Apparently some have forgotten that the text for the Required Monthly Test (RMT) was changed to make it clear that the EOM tones at the end of the test marked the end of same.

In the event those that initiate tests in your area did not get the word, or your on-air staff does not know what ends this test, here is the correct text:

This is (Name of your agency) with a test of the Emergency Alert System. In the event of an emergency, this system will bring you important information. The following tones will conclude this test.


At the last SECC meeting the Committee discussed what would happen if a message is pending in an EAS Decoder and another alert is sent. Will this replace the pending message or what?

Once again, technical expert, Jim Tharp has come up with the answers.

In all cases, except for an EAN, the new message will reset the buffer and wipe out the old message.

Version .79 or above has a software switch that you can set called MESSAGE ON HOLD. If this is selected then the unit will keep the first message until it is sent or has timed out. It will ignore the second message. If Message On Hold is not set, the unit will act the same as the Burk.

The Sage unit is programmable with a filter system where the filters have a priority number. A LOG ONLY event will not wipe out a TIMED RELAY. Messages with the same priority will reset the buffer and wipe out the one pending.

The question at the meeting was worded so if adjacent counties sent alerts close in time what would happen? Usually these would be handled with the same filter and therefore the new one would replace the old.

In those areas where there is a LOCAL RELAY NETWORK, all the EAS source entities are able to monitor the traffic on the network and will be able to see if this is taking place within same. When it is noted that two messages are entered into the system in succession, they will become aware of the condition and be in a position to re-send should that be necessary.

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News From The CGC Communicator

by Robert F. Gonsett W6VR
Copyright 1999, Communications General Corporation (CGC)


"All You Wanted to Know About T1 But Were Afraid to Ask" is an article which defines T1, DS0, DS1, DS2 and other important digital standards in simple mathematical terms, with illustrations. It's written by Bob Wachtel and is available on the web at: http://www.dcbnet.com/notes/9611t1.html.

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Another FCC Rules Site - This One With Links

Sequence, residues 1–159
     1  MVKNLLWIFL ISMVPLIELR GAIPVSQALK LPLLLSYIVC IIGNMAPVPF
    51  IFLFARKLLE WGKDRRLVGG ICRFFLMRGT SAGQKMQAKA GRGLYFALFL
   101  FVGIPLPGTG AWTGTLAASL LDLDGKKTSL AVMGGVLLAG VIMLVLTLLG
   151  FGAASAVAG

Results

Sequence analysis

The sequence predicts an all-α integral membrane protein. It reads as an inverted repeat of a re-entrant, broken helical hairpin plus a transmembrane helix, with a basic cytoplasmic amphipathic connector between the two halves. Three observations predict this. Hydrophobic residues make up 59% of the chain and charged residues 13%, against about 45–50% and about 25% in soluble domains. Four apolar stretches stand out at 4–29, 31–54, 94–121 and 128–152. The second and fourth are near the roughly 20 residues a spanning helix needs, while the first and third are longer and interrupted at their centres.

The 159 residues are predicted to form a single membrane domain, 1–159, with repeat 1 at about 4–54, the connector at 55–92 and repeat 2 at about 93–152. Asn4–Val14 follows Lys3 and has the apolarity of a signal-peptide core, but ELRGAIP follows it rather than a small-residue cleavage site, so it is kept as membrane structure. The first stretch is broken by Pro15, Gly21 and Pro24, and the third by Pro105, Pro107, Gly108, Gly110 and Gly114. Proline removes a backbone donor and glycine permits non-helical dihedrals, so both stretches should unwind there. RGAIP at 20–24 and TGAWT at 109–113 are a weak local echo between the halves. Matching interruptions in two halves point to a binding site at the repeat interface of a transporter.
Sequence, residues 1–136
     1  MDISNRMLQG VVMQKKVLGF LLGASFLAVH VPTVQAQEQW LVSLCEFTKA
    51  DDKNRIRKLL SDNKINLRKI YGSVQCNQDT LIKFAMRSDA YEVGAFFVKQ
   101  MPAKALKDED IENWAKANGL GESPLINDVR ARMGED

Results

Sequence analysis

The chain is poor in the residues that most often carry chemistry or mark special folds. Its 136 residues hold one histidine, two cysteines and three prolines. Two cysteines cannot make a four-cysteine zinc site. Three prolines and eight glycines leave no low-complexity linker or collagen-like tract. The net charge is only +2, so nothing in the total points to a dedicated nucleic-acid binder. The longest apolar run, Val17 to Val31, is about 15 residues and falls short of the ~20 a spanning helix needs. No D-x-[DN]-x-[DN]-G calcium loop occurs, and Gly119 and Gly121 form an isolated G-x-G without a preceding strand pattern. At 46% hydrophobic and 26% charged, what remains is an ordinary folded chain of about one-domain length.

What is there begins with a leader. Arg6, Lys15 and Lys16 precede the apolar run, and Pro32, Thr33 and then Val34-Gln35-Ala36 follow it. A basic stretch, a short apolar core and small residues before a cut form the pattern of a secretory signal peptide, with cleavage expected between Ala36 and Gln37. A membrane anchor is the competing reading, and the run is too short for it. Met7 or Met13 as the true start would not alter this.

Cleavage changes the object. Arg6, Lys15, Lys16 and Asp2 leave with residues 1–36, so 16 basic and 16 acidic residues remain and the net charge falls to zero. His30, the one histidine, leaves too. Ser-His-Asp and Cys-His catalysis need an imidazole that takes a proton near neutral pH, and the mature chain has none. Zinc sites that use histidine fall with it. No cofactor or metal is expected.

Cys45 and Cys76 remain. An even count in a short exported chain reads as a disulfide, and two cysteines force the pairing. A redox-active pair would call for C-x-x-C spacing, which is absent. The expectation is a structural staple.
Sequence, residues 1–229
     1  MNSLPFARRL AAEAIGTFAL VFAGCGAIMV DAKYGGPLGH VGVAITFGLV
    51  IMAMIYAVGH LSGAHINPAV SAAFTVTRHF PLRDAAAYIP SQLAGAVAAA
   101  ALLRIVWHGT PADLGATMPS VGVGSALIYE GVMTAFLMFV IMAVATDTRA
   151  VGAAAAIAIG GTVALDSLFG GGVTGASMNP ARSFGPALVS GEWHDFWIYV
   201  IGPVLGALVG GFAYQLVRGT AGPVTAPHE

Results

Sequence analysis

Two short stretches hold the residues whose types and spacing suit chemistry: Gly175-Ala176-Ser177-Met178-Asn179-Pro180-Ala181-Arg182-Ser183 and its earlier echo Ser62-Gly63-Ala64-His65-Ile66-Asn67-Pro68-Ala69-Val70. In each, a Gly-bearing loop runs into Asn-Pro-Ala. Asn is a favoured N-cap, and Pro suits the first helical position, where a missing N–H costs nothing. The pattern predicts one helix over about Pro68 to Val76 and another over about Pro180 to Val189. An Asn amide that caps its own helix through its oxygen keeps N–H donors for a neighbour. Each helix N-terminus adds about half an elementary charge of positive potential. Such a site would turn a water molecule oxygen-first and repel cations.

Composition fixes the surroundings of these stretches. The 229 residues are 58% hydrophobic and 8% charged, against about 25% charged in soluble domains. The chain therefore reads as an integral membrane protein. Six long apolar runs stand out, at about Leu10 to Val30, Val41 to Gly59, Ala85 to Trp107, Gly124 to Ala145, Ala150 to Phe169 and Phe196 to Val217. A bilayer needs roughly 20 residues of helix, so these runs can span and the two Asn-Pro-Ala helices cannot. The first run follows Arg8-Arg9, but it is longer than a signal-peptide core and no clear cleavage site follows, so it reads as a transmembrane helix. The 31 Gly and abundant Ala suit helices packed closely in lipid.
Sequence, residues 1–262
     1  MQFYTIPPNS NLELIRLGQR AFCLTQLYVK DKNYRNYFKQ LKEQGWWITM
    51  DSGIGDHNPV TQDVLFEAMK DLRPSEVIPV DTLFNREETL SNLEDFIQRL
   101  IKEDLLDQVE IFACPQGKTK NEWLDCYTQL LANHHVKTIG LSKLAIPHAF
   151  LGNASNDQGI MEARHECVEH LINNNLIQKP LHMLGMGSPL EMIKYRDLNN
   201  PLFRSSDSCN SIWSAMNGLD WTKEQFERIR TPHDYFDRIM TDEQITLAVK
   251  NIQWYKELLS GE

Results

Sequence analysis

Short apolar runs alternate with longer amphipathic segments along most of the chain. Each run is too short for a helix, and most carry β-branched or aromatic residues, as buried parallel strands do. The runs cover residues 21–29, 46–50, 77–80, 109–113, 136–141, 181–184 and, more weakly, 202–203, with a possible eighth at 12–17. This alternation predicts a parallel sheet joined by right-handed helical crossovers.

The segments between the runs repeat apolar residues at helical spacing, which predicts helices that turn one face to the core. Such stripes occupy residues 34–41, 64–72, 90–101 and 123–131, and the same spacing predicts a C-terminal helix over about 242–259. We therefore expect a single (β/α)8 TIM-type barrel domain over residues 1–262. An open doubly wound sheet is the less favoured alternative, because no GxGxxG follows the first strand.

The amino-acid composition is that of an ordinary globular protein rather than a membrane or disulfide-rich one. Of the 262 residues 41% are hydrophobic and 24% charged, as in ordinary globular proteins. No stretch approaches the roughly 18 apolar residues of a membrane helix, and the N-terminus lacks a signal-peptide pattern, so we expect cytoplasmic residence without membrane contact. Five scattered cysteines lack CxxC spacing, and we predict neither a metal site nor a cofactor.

Harold Hallikainen offers an FCC rules site with links to the Federal Register to reveal any recent rule changes (past 10/1/98). Linking will also "often turn up some historical data on the rule....if it was published after 1994" according to Harold. See: http://www.hallikainen.com/FccRules/


Harold Hallikainen also writes: "You might point out also that I have the FCC broadcast station checklists at: http://www.hallikainen.com/FccRules/ (Look under Part 73)

"These differ from those at the FCC in that there are links to the cited rules. Note, however: Don't use the "Table of Contents" links at the top of the documents..... Just scroll down through the document to find what you want."

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Eugene: Y2K And Utility Power

Chris Reid "Ichabod"
Murray Lane County (Eugene) EAS Chair

On March 24, 1999 the local engineers of the Eugene broadcast community met with Bob Mieger of the Emerald Peoples Utility District. EPUD serves nearly 70,000 persons of our 250,000 local population. In addition to the broadcast and cellular engineers, the meeting was attended by Ike Jensen of Lane County Emergency Management, Jim Lafontaine from the FCC field office, and station managers and technicians from the University of Oregon communications school.

The meeting produced some significant proposals to keep the public informed at a higher level before during and after the roll over to year 2000. Mr. Meager was able to speak for the power distribution grid in the Pacific Northwest and for his counterpart at the Eugene Water and Electric Board, John Mitchell, who could not attend due to family commitments. Mr. Mitchell will attend the next meeting on April 21st.